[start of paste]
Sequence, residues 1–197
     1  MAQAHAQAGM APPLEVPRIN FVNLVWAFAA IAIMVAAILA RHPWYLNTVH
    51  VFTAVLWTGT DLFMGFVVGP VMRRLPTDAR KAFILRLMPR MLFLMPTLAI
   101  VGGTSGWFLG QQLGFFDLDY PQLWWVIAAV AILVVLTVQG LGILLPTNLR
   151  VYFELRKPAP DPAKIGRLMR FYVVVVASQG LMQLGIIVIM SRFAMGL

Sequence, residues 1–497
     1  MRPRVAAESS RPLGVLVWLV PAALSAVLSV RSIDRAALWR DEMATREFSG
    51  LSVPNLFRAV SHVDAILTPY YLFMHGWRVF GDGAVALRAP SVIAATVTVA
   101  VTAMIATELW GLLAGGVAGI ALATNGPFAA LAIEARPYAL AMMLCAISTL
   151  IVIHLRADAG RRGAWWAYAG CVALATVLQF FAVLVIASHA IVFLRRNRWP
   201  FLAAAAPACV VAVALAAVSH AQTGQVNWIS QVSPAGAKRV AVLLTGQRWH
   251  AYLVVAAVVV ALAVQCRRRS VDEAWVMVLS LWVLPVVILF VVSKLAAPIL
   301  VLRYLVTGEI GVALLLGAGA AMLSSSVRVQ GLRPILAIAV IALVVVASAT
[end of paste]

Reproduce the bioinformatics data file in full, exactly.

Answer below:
Sequence, residues 1–197
     1  MAQAHAQAGM APPLEVPRIN FVNLVWAFAA IAIMVAAILA RHPWYLNTVH
    51  VFTAVLWTGT DLFMGFVVGP VMRRLPTDAR KAFILRLMPR MLFLMPTLAI
   101  VGGTSGWFLG QQLGFFDLDY PQLWWVIAAV AILVVLTVQG LGILLPTNLR
   151  VYFELRKPAP DPAKIGRLMR FYVVVVASQG LMQLGIIVIM SRFAMGL

Sequence, residues 1–497
     1  MRPRVAAESS RPLGVLVWLV PAALSAVLSV RSIDRAALWR DEMATREFSG
    51  LSVPNLFRAV SHVDAILTPY YLFMHGWRVF GDGAVALRAP SVIAATVTVA
   101  VTAMIATELW GLLAGGVAGI ALATNGPFAA LAIEARPYAL AMMLCAISTL
   151  IVIHLRADAG RRGAWWAYAG CVALATVLQF FAVLVIASHA IVFLRRNRWP
   201  FLAAAAPACV VAVALAAVSH AQTGQVNWIS QVSPAGAKRV AVLLTGQRWH
   251  AYLVVAAVVV ALAVQCRRRS VDEAWVMVLS LWVLPVVILF VVSKLAAPIL
   301  VLRYLVTGEI GVALLLGAGA AMLSSSVRVQ GLRPILAIAV IALVVVASAT